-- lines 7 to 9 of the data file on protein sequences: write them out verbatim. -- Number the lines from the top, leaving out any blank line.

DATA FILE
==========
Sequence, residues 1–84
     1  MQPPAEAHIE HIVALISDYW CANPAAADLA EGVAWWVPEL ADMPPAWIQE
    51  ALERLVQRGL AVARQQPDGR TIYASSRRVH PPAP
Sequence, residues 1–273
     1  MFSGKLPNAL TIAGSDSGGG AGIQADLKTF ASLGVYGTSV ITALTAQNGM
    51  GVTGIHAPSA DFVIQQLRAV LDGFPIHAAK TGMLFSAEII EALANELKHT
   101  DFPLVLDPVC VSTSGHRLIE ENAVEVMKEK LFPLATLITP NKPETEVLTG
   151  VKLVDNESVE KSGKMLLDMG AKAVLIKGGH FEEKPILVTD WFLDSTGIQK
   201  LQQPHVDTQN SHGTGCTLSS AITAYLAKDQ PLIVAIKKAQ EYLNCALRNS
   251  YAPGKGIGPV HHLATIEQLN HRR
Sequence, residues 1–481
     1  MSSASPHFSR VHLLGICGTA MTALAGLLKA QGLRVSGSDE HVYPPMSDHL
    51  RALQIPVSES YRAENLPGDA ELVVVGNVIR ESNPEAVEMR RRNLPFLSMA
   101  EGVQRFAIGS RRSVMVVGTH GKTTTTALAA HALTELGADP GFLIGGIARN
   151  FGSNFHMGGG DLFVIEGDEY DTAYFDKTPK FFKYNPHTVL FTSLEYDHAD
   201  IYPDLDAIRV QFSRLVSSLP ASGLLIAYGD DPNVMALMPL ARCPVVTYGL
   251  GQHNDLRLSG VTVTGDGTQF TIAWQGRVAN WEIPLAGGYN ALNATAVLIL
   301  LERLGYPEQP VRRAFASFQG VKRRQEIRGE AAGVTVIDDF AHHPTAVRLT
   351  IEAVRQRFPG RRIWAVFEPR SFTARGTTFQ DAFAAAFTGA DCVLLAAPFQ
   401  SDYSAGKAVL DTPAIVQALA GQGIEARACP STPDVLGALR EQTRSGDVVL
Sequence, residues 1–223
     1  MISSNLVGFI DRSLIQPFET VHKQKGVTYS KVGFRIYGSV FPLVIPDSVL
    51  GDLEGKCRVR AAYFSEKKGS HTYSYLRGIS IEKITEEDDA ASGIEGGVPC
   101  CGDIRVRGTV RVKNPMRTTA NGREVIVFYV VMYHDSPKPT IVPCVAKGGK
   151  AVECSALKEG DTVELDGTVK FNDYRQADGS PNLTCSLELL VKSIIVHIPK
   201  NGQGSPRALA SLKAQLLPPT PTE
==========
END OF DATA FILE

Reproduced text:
   101  DFPLVLDPVC VSTSGHRLIE ENAVEVMKEK LFPLATLITP NKPETEVLTG
   151  VKLVDNESVE KSGKMLLDMG AKAVLIKGGH FEEKPILVTD WFLDSTGIQK
   201  LQQPHVDTQN SHGTGCTLSS AITAYLAKDQ PLIVAIKKAQ EYLNCALRNS